UNB – SamwaysMarch 1, 2016
A recent project designed to give a fighting chance to some young wild salmon is paying off in a big way.
Unprecedented results are being seen in follow-up efforts to a successful pilot project involving the release of native adult salmon to Fundy National Park.
The original pilot in 2009-2013 resulted in 20-year highs in adult observations. Building off of that the CRI is looking to determine the cascading positive effects of those releases on the ecosystem integrity and resulting population fitness.
The three year project – “Restoring ecosystem health and increasing progeny fitness through marine reared Atlantic Salmon” – is already showing positive results.
The project, which will receive a total of $84,000 over the three years from the ASCF, includes collecting wild-exposed smolt from the river which are transported to marine cages where they are raised to adulthood before being returned to the river.
“So far this year we saw some unprecedented results, including the release of 400 adult inner Bay of Fundy Atlantic salmon to the Upper Salmon River in Fundy National Park,” says the CRI’s Kurt Samways. “We tagged all released fish with Passive Integrated Transponder (PIT) tags, which allows us to track the movements including out-migration and over-wintering of fish. We also radio tagged 20 adult salmon. Actively tracking these fish provides data regarding where salmon spawn within this river and their survival after spawning. Based on the current movements, adults are migrating up the river to areas known to be historic spawning locations.”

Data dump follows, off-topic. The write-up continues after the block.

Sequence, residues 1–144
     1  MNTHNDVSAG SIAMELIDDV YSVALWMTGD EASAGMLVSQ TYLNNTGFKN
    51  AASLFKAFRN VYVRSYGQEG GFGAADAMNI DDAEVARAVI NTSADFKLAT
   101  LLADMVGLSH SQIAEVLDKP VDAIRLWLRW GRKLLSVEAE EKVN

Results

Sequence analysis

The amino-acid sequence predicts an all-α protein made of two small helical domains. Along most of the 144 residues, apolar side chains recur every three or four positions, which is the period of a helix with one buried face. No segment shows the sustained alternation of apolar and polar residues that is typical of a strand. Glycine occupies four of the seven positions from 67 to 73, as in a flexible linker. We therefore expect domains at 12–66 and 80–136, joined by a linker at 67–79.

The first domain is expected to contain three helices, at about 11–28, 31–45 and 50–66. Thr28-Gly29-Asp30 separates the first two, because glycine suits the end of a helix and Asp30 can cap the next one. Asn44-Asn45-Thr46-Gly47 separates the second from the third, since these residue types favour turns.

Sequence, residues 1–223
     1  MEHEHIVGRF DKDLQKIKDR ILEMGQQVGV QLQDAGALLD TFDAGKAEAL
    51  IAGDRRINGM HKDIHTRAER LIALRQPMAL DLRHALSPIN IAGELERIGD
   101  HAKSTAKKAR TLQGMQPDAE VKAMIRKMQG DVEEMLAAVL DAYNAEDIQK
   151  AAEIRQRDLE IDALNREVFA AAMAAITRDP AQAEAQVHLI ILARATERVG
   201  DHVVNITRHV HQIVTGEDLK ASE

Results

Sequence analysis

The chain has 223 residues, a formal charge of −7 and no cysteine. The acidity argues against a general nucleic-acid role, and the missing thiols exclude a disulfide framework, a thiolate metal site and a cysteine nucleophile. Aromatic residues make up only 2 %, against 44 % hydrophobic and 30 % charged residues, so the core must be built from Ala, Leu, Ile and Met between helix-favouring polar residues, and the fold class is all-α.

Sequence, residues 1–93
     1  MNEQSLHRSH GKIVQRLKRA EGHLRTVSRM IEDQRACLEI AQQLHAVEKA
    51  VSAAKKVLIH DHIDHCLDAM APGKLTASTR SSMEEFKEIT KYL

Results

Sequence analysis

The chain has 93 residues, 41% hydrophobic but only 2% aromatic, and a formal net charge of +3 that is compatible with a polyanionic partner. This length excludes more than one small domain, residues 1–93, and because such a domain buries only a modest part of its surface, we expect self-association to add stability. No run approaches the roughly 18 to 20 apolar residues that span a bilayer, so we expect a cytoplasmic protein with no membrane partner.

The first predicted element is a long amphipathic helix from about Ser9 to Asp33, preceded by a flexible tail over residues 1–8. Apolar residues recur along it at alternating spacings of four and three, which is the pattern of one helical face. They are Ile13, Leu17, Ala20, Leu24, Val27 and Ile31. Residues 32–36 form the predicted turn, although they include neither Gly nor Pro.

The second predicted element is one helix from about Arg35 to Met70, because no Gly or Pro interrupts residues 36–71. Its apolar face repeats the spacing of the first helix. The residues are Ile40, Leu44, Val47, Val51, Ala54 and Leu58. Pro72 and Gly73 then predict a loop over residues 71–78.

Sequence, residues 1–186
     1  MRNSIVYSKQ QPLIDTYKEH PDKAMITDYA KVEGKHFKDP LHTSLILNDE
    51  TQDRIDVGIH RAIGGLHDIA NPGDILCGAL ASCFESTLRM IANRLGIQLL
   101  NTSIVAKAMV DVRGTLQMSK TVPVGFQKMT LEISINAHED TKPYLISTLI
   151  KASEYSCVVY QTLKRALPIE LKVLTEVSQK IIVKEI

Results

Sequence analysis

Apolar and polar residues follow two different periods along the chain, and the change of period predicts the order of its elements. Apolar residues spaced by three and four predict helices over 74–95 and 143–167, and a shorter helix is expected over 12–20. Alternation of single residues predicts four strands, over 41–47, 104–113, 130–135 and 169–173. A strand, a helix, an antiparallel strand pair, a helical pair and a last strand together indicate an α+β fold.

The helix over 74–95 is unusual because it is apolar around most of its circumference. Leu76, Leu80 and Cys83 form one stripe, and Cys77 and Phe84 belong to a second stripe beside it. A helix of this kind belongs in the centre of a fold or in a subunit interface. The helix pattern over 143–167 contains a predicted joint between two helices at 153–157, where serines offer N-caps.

The numbers of Atlantic salmon within many New Brunswick rivers are at historically low levels, with low numbers of smolts and far fewer returning adults. Inner Bay of Fundy Atlantic salmon populations have declined by 90-percent or more in recent years putting these fish at risk of extinction.
This project is anticipated to tag and release a projected 500-1000 native adult salmon into the Upper Salmon River annually from 2015 through 2018. Those adults will be allowed to spawn naturally and produce large numbers of juveniles with an estimated 4900-6000 smolts (over three years) leaving the river in future years.
Samways says returning adult salmon – including the cage reared adults they released- deliver marine-derived nutrients which drives freshwater productivity.
“In addition to monitoring the adult population within the river, we are also monitoring the ecological state of the river to assess the impact of having a large spawning population of salmon in the river again. We have collected all of the baseline (pre-adult) samples which we will then compare samples collected post-spawn to measure any ecological effects.”
Samways says this project will assess the effectiveness of releasing wild, marine pen reared adult Atlantic salmon as a conservation and restoration tool. He notes the general effects are widely applicable to all salmon producing rivers which are increasingly dealing with declining salmon populations.
He adds a more advanced understanding of the role that Atlantic salmon play in freshwater ecosystems is crucial for a comprehensive approach to mitigate the limiting factors associated with salmon production and survival in freshwaters.
“The annual returns of adult Atlantic salmon, both natural and artificial, are critically important for sustaining productivity, both regionally and throughout Atlantic Canada. Carrying capacity for Atlantic salmon depends on properly functioning biogeochemical cycles and diverse food webs, both of which are strongly dependent on Atlantic salmon.”